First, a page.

Yesterday, Pip came out from school happy and bouncing as usual. He’d been sick over the weekend and had stayed home from school on Monday so I was pleased to see him feeling good. The first thing he said to me was,
            “Daddy, I did it. I tried out.”
            “You did? Wonderful,” I said. “How did it go?”
            “I don’t know if I’ll get the part but I’m proud that I tried.”

            I couldn’t have been more pleased.

Friday, December 5, 2014


            On cold, rainy evenings after dinner is done, Pip likes to play checkers. His interest in checkers began a couple of years ago as a way to commandeer the focused attention of a parent, but now he’s grown to enjoy the game itself. He likes the idea of planning out a strategy and trying to make it work. He likes having control over the outcome, unlike Bingo or Go Fish which are largely games of chance. And, of course, he likes to win.
            Pip’s desire to win is not obnoxious. He doesn’t talk smack beforehand or try to change the rules during the game to create advantages for himself. However, whenever his strategy goes awry or an unfavorable twist happens, he does get unglued. His face tightens up. His mouth puckers. His blue marble eyes get watery. His nose starts to run. He doesn’t quit or walk away, but he starts slumping and huffing and acting kind of miserable.
It used to be that he’d get this way whenever one of his checkers got jumped. He’d struggle really hard to keep from losing any checkers that once a jump inevitably happened, he would just fall apart. After several episodes like this we had to stop playing because neither of us was having fun.
            For a while after that he played games against the computer at school and got more accustomed to the ebb and flow of the game. I don’t know exactly how those went – whether he got as frustrated with the computer or was able to see it as a different kind of opponent than his parents – but in the course of those games he gained some peace with the idea that you will lose most of your checkers even when you win. Since then he’s been able to get much farther into a game before getting anxious about things falling apart.
            It would be easy to look at Pip’s behavior when things go wrong and toss it off as the act of a crybaby, something he does strategically to change the circumstances. But, I don’t think that’s really what’s going on. For one thing, his reaction is absolutely biological. It is a physical manifestation of the frustration he is feeling inside. It comes rolling out before he even realizes what’s happening. And, secondly, when it does come out, he fights it. He doesn’t give in to the tears or let out a full scale wail. He doesn’t throw a fit. He tries to keep it together, to keep his face from puckering, to keep the tears held in. This fight often just makes him more frustrated because he lost it in the first place. It’s difficult to watch because he’s trying so hard to do the right thing – both on the checkerboard and with his body – and he can’t quite get there. It’s still just beyond his reach.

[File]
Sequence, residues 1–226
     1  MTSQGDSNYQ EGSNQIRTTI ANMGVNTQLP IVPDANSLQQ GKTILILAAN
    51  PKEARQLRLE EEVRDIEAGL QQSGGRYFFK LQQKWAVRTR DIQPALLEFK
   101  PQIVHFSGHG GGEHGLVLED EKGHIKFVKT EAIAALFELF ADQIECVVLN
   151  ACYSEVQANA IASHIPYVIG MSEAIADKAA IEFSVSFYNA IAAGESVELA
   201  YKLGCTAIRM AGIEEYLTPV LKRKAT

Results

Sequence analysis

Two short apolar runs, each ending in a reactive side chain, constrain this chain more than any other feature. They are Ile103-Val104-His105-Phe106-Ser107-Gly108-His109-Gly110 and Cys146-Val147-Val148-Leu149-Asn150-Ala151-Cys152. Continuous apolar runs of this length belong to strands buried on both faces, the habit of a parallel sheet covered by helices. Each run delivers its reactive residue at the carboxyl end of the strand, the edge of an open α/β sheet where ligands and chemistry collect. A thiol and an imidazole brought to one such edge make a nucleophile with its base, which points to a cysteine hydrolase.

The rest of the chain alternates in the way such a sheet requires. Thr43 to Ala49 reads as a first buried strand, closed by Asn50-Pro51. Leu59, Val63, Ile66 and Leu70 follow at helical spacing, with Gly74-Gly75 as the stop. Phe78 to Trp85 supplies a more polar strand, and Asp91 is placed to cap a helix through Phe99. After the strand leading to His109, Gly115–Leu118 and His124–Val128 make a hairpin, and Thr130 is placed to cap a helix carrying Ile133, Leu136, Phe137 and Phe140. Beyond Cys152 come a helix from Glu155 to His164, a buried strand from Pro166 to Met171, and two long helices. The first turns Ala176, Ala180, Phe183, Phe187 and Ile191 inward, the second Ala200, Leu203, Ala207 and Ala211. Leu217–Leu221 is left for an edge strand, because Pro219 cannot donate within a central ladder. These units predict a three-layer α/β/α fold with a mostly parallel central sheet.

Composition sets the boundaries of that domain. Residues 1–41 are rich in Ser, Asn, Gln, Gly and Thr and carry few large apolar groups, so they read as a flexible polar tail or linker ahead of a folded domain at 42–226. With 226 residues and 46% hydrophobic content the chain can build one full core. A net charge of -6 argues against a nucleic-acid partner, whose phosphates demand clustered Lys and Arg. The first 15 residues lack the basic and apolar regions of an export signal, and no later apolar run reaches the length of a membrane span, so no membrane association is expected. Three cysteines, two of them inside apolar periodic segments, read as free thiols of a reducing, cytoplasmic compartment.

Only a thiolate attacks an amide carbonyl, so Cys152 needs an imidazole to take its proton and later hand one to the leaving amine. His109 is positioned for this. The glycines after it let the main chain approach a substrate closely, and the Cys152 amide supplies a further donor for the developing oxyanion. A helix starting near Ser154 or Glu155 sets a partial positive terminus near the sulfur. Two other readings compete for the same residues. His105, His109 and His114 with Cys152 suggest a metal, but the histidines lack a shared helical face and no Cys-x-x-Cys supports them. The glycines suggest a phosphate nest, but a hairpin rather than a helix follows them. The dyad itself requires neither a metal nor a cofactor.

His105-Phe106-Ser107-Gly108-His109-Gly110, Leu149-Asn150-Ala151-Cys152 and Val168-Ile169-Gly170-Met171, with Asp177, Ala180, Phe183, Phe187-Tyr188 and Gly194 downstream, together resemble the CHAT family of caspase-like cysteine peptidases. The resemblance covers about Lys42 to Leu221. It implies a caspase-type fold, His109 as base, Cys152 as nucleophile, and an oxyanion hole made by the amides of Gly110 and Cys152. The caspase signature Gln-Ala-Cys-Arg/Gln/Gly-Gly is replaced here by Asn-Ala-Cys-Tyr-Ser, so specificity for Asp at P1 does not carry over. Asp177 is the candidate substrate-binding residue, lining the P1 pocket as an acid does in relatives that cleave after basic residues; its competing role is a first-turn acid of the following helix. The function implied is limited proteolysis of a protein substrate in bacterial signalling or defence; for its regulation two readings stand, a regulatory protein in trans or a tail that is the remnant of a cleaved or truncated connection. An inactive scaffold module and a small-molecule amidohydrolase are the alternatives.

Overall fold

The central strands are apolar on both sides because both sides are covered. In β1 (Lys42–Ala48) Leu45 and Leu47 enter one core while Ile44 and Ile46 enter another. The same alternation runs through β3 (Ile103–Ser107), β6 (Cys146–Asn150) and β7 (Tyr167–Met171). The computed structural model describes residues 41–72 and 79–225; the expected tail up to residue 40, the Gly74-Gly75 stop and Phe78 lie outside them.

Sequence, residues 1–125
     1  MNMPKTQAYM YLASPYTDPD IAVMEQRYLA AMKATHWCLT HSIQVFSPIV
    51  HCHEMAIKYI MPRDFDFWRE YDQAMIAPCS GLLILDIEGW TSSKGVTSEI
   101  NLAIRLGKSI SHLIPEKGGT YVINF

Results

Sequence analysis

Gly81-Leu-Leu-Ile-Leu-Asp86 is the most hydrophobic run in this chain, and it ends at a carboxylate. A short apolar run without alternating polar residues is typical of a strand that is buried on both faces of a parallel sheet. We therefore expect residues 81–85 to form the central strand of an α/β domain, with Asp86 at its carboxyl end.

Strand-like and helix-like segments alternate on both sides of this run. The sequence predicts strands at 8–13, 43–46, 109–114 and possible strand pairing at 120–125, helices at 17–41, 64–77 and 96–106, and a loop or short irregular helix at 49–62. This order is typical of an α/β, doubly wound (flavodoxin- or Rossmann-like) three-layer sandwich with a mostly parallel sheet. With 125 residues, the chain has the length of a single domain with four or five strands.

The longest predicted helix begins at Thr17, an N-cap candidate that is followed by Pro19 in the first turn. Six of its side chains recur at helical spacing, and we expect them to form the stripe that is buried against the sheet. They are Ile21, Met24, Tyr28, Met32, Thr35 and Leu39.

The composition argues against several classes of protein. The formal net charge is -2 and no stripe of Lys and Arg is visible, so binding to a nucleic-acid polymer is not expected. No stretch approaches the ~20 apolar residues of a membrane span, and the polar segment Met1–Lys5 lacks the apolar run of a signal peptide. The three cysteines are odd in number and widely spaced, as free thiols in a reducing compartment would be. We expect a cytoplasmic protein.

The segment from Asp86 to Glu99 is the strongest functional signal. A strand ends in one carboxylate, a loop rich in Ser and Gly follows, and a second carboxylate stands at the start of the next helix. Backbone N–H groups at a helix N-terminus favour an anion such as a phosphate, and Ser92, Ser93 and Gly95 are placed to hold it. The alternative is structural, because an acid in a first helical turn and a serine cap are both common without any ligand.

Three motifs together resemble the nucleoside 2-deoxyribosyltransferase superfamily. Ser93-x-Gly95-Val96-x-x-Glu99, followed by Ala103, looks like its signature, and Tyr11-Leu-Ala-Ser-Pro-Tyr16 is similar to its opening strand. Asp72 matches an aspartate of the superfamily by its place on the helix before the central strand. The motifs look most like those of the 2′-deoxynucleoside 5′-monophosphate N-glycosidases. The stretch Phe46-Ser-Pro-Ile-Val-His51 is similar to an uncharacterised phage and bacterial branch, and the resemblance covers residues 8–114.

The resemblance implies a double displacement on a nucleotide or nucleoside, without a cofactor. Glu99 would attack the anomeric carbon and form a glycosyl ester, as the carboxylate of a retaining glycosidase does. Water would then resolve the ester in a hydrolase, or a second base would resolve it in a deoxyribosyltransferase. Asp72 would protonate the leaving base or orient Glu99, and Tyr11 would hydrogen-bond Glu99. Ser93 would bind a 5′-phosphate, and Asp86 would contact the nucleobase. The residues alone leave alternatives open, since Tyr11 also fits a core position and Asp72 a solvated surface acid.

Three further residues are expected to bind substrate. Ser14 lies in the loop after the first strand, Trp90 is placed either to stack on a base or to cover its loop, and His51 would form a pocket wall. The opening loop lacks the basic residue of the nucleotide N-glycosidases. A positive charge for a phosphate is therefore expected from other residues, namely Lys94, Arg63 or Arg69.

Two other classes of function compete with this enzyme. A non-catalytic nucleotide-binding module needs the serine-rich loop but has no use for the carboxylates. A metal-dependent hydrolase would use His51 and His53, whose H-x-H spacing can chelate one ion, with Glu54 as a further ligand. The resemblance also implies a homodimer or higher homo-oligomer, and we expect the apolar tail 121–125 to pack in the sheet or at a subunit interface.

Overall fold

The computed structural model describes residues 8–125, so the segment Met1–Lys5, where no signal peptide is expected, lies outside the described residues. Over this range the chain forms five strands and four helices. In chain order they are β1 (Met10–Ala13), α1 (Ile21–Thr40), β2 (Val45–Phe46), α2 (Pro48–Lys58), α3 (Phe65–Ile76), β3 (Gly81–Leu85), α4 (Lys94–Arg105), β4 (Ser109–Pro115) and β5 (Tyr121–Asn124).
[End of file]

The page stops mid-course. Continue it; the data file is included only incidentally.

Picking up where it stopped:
But he keeps coming back and trying again. And, he’s getting better. On the board, he’s seeing my mistakes and capitalizing on them. He is looking several moves ahead and plotting how best to proceed. He doesn’t have a strategy for winning yet – he’s still not quite ready to sacrifice enough checkers for that – but he’s gotten agile enough to winnow down the board. He’s also handling the disappointments better. After an unexpected jump, he looks away from the board for a moment now. He shakes his head quietly. He’s working on figuring out how to smile through gritted teeth.
            I’ve gotten better at managing this, too. I’ve learned how to give some on the game, to make some obvious mistakes to keep him invested, to back off when things start to fall apart, to give him a chance to redo something before the game gets too far gone. However, I still have to guess a lot about how much he can stand. Sometimes I go too easy, and he overconfidently sweeps the board. Sometimes I get in too far and have to scramble to keep him going through the end of the game. It can make for quite a dance.


            Of course, this delicate balancing act between helping Pip along and throwing challenges in his way extends way beyond the checkerboard. It is one of those many negotiations that parents must constantly make, one of those needles we must constantly thread. In some ways I am asking for him to do two incongruous things. I want him to learn how to fight tenaciously to achieve something, to learn that coming back to it over and over is the only way to get better at it. At the same time I want him to learn how to suffer setbacks gracefully. I want him to display a level of self-possession that enables others to enjoy being with him even when things are not going his way. Those two ideas are at odds with each other in as much as tenacity requires a hardheadedness that is the opposite of grace. And to lose gracefully requires a kind of abandonment of care that is the opposite of tenacity.
Yet, people need both traits to be successful in the world. It is one of the many paradoxes of being human. Without tenacity the world will push you to the side. Without grace, you are unable to enlist the kind of help from others that is vital to actually doing anything.

And so, I will continue to play the game within the game, whether its checkers or math or soccer or dance. There’s always another layer to consider when you’re working with a child.